I bought a CD about a week ago. This one was the soundtrack to the movie "Pearl Harbor," which was released six years ago this month. At that time, I took Colin to see it on the big screen. We both agreed afterward that the movie wasn't all that good, and that it certainly did not deserve the hype it had been given. "Pearl Harbor" centered around the Japanese attack -- an event which has always fascinated me -- but woven into the historical drama was a three-way romance involving two Army pilots, played by Ben Affleck and Josh Hartnett, and an Army nurse, played by Kate Beckinsale. The film's essential flaw was that the disaster-cum
-romance formula that had been so successful in "Titanic" just didn't work for "Pearl Harbor."
But to get to the point: I buy a lot of movie soundtracks, and while "Pearl Harbor's" score, written by Hans Zimmer, was okay, I never included it among my favorites. Why, then, did I buy it now, six years after seeing the movie? Well, it was because not long ago I started taking dance lessons with my wife -- and there is some halfway decent waltz music on the "Pearl Harbor" soundtrack. Seriously, that was the one and only reason I made this purchase, although I have since discovered that Vanessa really likes the Faith Hill song on that CD.
Speaking of Vanessa, there is an unusual development in her life as well, although I'm going to wait and see if it becomes permanent. She has never displayed any interest in history until very recently, but last night I took her to Border's, where she actually spent part of the time browsing among the history titles. She told me she wants to read some history this summer, I suppose because she recognizes her almost total ignorance of the subject and, to her credit, wants to do something about it. Vanessa showed particular interest in two books; one was the diary of Anne Frank, and the other was a heavy tome about the occupation of France from 1940 to 1944, titled something like The Dark Years
. That's the kind of book I might read myself, but I thought it was too heavy for Vanessa at this point in her life, and she agreed. I do think she should read Anne Frank, however, and I told her so.
With all of that as background, an interesting discussion ensued. She had seen a copy of Flags of Our Fathers
, by James Bradley, and asked me about the connection between the book and the motion picture of the same title. We spent most of the next half-hour talking about the Battle of Iwo Jima, at first while we sipped Italian sodas at a table as I drew a map of the island on a piece of scratch paper, complete with Mount Suribachi at one end and the three vital airfields south of Suribachi, on the wider part of the island. I told her it was a small, barren, ugly place, nearly devoid of vegetation, that smelled like rotten eggs and was only about as long as the distance from Border's to Schlotzsky's restaurant -- a comparison she could obviously relate to, as these are two of our frequent hangouts. I described how the island was defended by some 22,000 solidly-entrenched and well-prepared Japanese, nearly all of whom were killed during the battle, along with more than 6000 U. S. Marines. I told her about the flag-raising, and the fates of the six men who participated in it and appeared in the famous photograph by Joe Rosenthal. We then went to another part of the store, where I found a recently-published coffee-table book about the battle, lavishly illustrated with hundreds of photographs, most of which I assume had never been published before. It contained several maps and aerial photos of the entire island, and Vanessa saw enough of those that, regardless of how little she might know today about geography, I think she will always be able to recognize Iwo Jima and identify its most prominent landmark.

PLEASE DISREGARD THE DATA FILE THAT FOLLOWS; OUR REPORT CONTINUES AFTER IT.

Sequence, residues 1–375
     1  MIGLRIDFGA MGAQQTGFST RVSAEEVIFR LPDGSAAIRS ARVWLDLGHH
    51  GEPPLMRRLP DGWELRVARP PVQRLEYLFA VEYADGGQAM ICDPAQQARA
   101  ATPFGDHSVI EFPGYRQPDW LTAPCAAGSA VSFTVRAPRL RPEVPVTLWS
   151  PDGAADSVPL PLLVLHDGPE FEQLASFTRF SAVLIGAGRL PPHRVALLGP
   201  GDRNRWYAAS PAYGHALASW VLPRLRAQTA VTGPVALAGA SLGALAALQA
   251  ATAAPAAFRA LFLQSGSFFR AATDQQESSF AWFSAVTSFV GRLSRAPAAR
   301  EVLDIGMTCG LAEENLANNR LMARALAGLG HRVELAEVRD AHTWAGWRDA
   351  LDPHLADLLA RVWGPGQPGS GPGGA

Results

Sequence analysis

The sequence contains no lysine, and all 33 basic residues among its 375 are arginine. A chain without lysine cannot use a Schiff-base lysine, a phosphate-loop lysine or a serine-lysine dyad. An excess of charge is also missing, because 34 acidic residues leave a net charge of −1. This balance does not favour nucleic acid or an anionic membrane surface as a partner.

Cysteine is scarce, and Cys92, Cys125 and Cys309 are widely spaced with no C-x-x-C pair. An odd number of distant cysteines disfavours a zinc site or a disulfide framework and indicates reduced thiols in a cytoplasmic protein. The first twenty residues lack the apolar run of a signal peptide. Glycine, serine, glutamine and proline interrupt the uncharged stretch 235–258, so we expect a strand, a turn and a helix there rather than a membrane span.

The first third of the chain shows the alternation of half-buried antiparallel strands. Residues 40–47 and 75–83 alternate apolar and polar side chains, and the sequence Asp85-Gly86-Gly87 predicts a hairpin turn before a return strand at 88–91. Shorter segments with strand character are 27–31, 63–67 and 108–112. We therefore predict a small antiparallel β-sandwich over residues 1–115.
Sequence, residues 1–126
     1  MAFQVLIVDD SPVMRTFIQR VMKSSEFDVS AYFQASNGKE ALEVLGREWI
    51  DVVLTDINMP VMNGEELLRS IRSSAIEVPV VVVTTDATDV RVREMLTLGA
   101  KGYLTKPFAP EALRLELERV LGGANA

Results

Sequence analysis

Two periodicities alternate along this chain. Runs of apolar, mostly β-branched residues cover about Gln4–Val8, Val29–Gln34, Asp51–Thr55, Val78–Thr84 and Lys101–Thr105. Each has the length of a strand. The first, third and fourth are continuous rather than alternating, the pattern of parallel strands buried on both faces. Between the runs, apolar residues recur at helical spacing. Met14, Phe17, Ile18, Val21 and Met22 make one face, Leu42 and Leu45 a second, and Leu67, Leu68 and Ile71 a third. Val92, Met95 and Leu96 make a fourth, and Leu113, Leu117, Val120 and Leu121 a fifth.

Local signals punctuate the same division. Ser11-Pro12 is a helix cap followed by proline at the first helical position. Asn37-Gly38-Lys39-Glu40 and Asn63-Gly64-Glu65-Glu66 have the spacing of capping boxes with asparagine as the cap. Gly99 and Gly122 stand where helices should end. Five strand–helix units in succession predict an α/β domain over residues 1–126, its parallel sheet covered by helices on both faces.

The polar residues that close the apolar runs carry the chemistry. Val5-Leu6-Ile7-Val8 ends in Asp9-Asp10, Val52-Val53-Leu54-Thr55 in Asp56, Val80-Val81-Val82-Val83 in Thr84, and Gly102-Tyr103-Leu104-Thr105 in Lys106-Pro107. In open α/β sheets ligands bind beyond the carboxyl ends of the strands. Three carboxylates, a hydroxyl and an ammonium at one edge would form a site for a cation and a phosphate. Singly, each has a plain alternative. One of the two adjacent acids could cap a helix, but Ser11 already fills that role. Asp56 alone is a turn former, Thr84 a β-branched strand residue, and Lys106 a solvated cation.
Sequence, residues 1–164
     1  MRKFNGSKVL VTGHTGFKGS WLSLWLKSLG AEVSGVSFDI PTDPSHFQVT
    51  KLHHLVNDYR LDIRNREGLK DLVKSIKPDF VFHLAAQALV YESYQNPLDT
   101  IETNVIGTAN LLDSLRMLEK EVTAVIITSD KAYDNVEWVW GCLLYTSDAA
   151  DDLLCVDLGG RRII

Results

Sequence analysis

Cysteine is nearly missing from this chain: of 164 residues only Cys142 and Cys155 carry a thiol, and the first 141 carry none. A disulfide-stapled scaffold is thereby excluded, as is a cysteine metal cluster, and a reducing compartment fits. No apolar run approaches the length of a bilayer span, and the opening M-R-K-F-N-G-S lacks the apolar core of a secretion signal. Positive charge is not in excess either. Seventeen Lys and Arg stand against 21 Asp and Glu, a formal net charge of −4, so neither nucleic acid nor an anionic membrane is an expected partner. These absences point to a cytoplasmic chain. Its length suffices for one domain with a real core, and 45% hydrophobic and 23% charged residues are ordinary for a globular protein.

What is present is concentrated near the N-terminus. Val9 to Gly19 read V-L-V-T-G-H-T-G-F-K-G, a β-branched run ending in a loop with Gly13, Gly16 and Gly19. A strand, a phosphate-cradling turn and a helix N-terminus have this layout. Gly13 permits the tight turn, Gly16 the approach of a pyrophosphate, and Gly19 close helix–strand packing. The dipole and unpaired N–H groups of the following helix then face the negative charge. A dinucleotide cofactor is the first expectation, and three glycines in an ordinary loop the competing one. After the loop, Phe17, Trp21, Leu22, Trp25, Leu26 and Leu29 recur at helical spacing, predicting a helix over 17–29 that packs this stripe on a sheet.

We went home soon afterward, and Vanessa told her mother what we had discussed. And it sort of amuses me now to think that I actually spent a half-hour or so talking about the Battle of Iwo Jima with my 13-year-old daughter, who until now had probably displayed even less interest in history than I have in the weekday-afternoon TV soap-operas. I'm not sure what sparked her interest, but I am certainly not complaining, and I hope it continues and grows. I've told Vanessa that she doesn't need to become a history enthusiast like her dad if that just isn't her thing, but that I do believe one should have a basic knowledge of the subject in order merely to be a good citizen. Perhaps she has taken some of that advice to heart.